Washington, DC - Friday, the U.S. District Court of the District of New Jersey sentenced the OtisMed Corporation’s (OtisMed) former chief executive officer, Charlie Chi, to 24 months in prison and also ordered him to serve one year of supervised release and to pay a $75,000 fine.

In December 2014, OtisMed agreed to pay more than $80 million to resolve related criminal and civil liability related to charges of distributing adulterated medical devices with intent to defraud and mislead. At that same time, Chi pleaded guilty to introducing adulterated medical devices into interstate commerce.

The sentencing was the culmination of a long-term investigation conducted jointly by special agents from the FDA’s Office of Criminal Investigation and from the Department of Health and Human Services’ Office of the Inspector General.

“With more than 600,000 knee replacements performed each year, patients rely on FDA to help ensure that the devices are safe and work as intended. When manufacturers ignore FDA requirements, they risk endangering patients’ health and quality of life,” said George M. Karavetsos, director of the FDA’s Office of Criminal Investigations. “We will continue to protect the public health by bringing to justice those who disregard FDA regulations."

The OtisKnee was used by surgeons during total knee arthroplasty (TKA), commonly known as knee replacement surgery. OtisMed marketed the OtisKnee cutting guide as a tool to assist surgeons in making accurate bone cuts specific to individual patients’ anatomy based on magnetic resonance imaging (MRI) performed prior to surgery. None of OtisMed’s claims regarding the OtisKnee device were evaluated by the FDA before the company made them in advertisements and promotional material.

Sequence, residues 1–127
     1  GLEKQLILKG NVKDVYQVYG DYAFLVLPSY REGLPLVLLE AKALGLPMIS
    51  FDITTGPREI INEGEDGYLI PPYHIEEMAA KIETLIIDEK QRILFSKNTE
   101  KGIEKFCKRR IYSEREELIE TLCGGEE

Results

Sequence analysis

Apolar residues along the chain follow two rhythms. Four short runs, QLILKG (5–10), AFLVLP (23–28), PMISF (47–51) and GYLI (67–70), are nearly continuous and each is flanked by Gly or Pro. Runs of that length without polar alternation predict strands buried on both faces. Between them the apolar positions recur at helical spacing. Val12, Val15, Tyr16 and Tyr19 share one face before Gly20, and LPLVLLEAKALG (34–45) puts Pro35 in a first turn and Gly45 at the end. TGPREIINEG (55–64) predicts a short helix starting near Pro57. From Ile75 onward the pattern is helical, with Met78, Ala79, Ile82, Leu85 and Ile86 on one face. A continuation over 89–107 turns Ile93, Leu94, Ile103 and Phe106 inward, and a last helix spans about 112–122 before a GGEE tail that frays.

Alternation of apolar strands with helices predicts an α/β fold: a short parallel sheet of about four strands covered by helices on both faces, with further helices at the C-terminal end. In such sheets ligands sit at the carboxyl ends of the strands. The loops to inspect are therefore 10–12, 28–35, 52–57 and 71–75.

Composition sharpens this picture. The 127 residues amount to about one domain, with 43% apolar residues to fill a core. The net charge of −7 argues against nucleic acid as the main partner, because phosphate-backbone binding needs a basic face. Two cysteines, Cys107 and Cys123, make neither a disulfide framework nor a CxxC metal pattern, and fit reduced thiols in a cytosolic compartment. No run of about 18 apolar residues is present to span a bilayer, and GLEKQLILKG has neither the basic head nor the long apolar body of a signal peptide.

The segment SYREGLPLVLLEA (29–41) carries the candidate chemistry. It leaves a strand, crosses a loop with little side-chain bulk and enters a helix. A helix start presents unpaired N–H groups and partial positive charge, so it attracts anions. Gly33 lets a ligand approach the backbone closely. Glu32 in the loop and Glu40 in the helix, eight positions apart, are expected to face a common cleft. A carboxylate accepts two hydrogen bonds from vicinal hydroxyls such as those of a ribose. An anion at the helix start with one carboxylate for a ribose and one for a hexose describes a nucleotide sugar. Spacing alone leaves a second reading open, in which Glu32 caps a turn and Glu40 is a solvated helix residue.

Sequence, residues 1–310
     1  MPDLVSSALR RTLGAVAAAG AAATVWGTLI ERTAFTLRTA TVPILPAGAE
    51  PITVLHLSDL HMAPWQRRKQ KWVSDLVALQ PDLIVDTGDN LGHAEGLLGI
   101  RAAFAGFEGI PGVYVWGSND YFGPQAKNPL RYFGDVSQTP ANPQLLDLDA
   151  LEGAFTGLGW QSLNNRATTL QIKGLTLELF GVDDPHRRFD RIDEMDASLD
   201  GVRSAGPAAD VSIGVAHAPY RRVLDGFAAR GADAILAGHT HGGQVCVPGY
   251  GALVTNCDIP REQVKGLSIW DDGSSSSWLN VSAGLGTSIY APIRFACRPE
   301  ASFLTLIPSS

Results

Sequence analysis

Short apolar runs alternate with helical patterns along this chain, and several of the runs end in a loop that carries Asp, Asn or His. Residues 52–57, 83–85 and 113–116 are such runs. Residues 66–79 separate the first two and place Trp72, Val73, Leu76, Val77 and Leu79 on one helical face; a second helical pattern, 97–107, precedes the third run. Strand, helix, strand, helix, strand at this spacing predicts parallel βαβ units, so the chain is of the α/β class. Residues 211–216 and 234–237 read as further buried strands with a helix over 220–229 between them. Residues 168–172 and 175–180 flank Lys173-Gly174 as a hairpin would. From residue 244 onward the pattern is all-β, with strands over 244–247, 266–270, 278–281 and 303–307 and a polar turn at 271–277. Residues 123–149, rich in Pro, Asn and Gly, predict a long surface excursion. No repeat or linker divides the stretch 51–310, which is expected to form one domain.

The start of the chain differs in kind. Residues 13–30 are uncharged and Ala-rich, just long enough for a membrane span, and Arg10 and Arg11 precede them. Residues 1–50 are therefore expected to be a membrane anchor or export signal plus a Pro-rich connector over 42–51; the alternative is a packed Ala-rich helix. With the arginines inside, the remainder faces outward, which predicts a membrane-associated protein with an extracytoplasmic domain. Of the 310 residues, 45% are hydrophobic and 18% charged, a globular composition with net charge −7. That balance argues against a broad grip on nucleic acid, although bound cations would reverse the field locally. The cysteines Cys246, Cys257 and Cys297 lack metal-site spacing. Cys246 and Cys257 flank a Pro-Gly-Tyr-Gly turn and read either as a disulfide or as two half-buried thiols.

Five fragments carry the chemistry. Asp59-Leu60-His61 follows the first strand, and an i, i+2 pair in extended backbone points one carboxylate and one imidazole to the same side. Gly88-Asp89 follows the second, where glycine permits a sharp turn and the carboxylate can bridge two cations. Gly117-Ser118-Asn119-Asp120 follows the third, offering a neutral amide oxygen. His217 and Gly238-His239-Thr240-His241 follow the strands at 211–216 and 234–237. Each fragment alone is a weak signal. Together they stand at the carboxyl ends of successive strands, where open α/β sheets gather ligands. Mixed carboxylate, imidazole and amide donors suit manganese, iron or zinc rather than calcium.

Between May 2006 and September 2009, OtisMed sold more than 18,000 OtisKnee devices, generating revenue of approximately $27.1 million. 

On Oct. 2, 2008, OtisMed submitted a pre-market notification to the FDA seeking clearance to market the OtisKnee. The company had not previously sought the FDA’s clearance or approval, and had been falsely representing to physicians and other potential purchasers that the product was exempt from such pre-market requirements.

On Sept. 2, 2009, the FDA sent OtisMed a notice that its submission had been denied, noting that the company had failed to demonstrate the OtisKnee was as safe and effective as other legally marketed devices. One week after the FDA denied OtisMed’s request for clearance, the company shipped approximately 218 OtisKnee guides from California to surgeons throughout the U.S.

“Today’s sentencing of OtisMed’s CEO ought to send a clear message to others in positions of authority within the medical device and pharmaceutical industries: the Department of Justice will vigorously prosecute not only corporations, but also the individuals at their helm who are responsible for endangering public health and safety in pursuit of profit,” said Principal Deputy Assistant Attorney General Benjamin C. Mizer, head of the Justice Department’s Civil Division.

“The defendant betrayed the trust of patients whose doctors were using his unapproved surgical device for a serious medical procedure,” said U.S. Attorney for the District of New Jersey Paul J. Fishman. “With everything else people have to deal with when they are facing surgery, they shouldn’t have to worry whether their doctor is using equipment that has been approved for use. The punishment meted out to Chi and his company is appropriate.”

The case was prosecuted by Chief Jacob T. Elberg of the U.S. Attorney’s Office of the District of New Jersey Health Care and Government Fraud Unit and Trial Attorney Ross S. Goldstein of the Department of Justice’s Civil Division’s Consumer Protection Branch.

The FDA, an agency within the U.S. Department of Health and Human Services, protects the public health by assuring the safety, effectiveness and security of human and veterinary drugs, vaccines and other biological products for human use, and medical devices. The agency also is responsible for the safety and security of our nation’s food supply, cosmetics, dietary supplements, products that give off electronic radiation, and for regulating tobacco products.